Neurosurgery

Linear Accelerators

Linear accelerators, used for years in radiotherapy, have been modified by the addition of a secondary collimator system to perform radiosurgery. Single-focus multiple non-coplanar arc and conformal block techniques are the most widely used. These phrases need explanation to the neurosurgery reader. The former technique means that the radiation source is moved along a large arc, while pointing to the same center (the so-called "isocenter"), then a similar arc is drawn tilted a few degrees away from the first one. A series of arcs are being used to maximize the dose to the center (the target) and minimize the exposure of the surrounding tissues. The second technique involves manufacturing an irregularly shaped portal for the radiation, attempting to match the shape of the targeted lesion as if viewed from the direction of that beam. Similar blocks are made for each entry beam (usually five or six). A series of static, shaped beams are then used to irradiate the lesion from a number of angles. In order to improve conformality, in some centers multiple overlapping foci are used (in a similar fashion to that described for the gamma knife). However, the calculations and set-up of numerous fields are much more difficult with the moving source of a linear accelerator than when using a gamma knife, and this deters most centers from using this technique.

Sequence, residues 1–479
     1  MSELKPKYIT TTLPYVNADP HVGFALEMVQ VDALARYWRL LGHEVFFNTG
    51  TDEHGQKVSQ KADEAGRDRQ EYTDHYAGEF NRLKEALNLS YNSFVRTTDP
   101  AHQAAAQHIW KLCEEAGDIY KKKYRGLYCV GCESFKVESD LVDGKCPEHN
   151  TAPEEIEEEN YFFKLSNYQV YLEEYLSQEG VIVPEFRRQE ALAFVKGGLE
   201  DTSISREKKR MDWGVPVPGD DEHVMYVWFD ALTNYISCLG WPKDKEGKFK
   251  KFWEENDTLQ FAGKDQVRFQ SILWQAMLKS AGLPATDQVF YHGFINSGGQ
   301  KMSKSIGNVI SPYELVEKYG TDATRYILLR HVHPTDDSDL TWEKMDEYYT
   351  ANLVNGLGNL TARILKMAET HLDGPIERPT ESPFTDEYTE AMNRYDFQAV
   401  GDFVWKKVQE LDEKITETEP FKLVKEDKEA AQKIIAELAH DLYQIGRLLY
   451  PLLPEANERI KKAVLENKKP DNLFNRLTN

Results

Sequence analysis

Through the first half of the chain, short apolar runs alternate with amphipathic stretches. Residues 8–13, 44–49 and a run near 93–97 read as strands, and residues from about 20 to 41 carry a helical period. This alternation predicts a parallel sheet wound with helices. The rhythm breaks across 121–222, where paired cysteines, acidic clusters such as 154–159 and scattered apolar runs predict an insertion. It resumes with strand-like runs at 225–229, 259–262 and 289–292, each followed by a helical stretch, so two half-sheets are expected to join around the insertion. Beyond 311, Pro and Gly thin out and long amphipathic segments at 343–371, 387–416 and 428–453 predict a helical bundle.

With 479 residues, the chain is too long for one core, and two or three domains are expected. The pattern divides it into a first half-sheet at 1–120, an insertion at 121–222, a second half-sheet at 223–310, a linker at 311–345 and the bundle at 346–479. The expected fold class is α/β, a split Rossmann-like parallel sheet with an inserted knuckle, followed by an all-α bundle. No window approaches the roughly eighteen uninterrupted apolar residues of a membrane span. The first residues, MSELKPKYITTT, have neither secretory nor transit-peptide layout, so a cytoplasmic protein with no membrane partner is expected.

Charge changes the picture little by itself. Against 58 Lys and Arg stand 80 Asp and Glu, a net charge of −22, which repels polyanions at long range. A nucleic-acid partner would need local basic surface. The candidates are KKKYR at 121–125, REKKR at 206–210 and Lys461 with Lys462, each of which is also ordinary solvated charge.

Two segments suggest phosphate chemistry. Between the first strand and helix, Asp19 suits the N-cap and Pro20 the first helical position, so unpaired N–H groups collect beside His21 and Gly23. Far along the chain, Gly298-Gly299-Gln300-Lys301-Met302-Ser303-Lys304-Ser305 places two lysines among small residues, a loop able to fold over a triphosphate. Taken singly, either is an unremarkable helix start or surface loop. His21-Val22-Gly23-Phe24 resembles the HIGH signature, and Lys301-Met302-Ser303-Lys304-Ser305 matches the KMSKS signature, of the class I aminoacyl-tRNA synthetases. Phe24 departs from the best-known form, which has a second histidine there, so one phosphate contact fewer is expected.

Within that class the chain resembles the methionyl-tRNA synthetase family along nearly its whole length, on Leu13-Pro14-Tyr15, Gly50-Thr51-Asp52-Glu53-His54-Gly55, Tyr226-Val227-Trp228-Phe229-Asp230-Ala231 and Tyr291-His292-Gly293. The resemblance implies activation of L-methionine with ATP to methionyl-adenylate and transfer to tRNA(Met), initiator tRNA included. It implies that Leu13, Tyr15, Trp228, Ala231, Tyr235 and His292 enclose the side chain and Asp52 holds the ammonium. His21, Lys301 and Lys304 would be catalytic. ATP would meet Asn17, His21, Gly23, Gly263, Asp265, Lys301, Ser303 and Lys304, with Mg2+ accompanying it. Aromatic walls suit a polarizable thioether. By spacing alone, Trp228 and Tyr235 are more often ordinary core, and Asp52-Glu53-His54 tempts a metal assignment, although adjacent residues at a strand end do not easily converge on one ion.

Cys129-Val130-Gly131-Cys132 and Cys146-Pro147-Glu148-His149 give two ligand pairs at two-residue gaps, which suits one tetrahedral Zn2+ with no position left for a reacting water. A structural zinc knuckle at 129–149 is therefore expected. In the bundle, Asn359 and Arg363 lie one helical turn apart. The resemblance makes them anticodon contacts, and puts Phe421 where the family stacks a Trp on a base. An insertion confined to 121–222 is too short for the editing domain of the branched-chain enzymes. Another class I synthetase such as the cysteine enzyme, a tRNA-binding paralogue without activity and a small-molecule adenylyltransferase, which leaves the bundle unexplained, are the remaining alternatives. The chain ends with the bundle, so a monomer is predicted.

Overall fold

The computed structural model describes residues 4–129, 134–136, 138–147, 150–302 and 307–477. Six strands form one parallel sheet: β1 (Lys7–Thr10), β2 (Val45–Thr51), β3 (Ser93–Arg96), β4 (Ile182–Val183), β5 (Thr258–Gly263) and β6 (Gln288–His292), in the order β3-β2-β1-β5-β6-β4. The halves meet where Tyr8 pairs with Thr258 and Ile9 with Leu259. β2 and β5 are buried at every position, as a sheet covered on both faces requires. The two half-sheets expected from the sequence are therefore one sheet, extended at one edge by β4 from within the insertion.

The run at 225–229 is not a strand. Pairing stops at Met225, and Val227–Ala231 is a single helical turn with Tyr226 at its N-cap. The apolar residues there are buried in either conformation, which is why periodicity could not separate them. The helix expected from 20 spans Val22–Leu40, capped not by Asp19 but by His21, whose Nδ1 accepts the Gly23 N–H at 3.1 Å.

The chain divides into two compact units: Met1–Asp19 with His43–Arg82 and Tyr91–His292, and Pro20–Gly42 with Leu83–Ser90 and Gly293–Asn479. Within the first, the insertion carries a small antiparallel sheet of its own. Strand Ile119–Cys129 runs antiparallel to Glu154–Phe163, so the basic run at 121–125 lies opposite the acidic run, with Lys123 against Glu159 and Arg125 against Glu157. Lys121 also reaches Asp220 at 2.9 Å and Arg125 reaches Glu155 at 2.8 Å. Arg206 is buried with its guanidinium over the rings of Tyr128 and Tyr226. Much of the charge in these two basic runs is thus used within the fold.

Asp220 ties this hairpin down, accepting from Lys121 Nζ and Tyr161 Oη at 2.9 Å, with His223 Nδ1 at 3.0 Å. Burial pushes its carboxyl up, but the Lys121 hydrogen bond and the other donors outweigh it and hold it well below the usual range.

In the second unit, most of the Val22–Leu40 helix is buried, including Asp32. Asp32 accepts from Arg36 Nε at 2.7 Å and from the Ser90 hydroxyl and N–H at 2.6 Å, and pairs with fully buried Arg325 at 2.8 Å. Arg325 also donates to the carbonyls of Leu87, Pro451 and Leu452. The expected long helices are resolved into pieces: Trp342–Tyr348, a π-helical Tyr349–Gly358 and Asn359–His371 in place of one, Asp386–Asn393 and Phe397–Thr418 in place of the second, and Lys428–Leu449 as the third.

More flexibility is incorporated into the system if the linear accelerator is adapted with a micro-multileaf collimator. The device consists of a series of individually motorized tungsten leaves that can be positioned automatically to create any desired beam shape. This is effectively the same principle as the conformal block technique but avoids the need to make up specific blocks for each use. The relatively short collimation length and radiation transmission between the collimator leaves are factors that may degrade the sharpness of the final radiation dose gradient and could result in higher doses to normal adjacent brain tissues. The high cost and complexity of these additions resulted in a slow initial acceptance of this method. In the intensity-modulated radiotherapy (IMRT) technique, the dose is delivered in different intensities across the lesion. The collimator leaves dynamically open and close under computer control to selectively expose or shield portions of the tumor according to predetermined limits. Treatment planning for IMRT is complex. All components of the treatment and planning thus require computer control. This promising technique is in its early stages of development and is still under clinical evaluation.

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